AI and other similar tech solutions are used in many companies to optimise the delivery of materials, their storage and usage. According to John Roese from Dell this is not the case in healthcare. This is an area where the potential improvement is huge. Hospitals could optimise how and how much money they spend and where. They could optimise the delivery and wastage of materials, bringing the costs down, improving and optimising the whole system.
Generalists In Sports
Is there such a thing? Isn’t it better to devote 100% of your time and energy into one sport and succeed in it? It depends.
When we look at chess, there’s no such thing. Grandmasters are usually not only very gifted in pattern recognition and maths, but are also extremely hard-working from early on in their lives. There’s a great story about a Hungarian named Laszlo Polgar, who raised his 3 daughters to be chess grandmasters - 2 succeeded. Maybe you already heard about the Polgar sisters?
That’s all because of the nature of chess as a sport. It’s very heavy on patterns and players need to have thousands of hours of training behind them to recognise them in time. Gary Kasparov, the greatest chess player in history, said that “sees a move, a combination, almost instantly” and makes his decision. Fire-fighting (not that it’s a sport) and golf are also such examples.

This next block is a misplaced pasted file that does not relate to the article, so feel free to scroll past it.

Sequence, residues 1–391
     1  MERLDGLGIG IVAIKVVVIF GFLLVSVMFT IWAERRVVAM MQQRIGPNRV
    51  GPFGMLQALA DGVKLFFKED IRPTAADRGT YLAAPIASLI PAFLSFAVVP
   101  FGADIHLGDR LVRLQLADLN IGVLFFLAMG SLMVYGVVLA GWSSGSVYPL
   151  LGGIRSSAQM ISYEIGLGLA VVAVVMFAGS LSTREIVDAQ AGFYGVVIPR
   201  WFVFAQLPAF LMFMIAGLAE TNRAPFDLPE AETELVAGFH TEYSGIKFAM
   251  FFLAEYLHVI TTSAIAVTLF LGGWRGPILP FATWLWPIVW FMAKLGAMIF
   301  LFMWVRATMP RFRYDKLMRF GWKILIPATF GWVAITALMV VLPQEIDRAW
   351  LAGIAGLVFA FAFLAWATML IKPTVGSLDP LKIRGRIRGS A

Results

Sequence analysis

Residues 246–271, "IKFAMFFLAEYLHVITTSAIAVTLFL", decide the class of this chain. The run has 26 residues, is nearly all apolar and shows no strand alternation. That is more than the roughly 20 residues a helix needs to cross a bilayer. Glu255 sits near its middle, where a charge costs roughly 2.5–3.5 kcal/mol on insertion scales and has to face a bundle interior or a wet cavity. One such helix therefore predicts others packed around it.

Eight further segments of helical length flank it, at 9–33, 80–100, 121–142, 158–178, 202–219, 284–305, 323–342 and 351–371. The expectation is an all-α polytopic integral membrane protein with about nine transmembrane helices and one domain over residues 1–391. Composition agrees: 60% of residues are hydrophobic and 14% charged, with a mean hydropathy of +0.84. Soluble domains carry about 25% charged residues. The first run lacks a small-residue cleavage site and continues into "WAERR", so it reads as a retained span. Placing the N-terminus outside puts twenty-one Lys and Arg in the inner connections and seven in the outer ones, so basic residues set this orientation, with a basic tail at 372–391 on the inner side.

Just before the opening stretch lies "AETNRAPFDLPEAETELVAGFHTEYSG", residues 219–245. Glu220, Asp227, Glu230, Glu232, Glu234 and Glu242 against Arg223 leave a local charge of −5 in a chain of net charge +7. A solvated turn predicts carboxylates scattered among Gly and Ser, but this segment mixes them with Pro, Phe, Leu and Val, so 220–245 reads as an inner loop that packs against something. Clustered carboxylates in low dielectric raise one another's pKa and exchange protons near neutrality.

It’s well-known that Tiger Woods was trained by his father since he was 2-3. After thousands of hours of practice, he accumulated so much skill that his success was guaranteed. He only focused on that one sport, and he was able to succeed because of its nature.
When talking about Tiger Woods another name inevitably comes up - Roger Federer. This debate is often referred to as Roger vs Tiger. They share some remarkable differences but are similar in their greatness in their sports.
When Roger Federer was growing up, he wasn’t focusing on tennis. Sure, he played it, but he also played soccer at a high level until he was 14. And even when other kids were already focusing on tennis with coaches, psychologists, nutritionists and so on, he was still playing soccer. Now he’s 38 and arguably the greatest tennis player in history.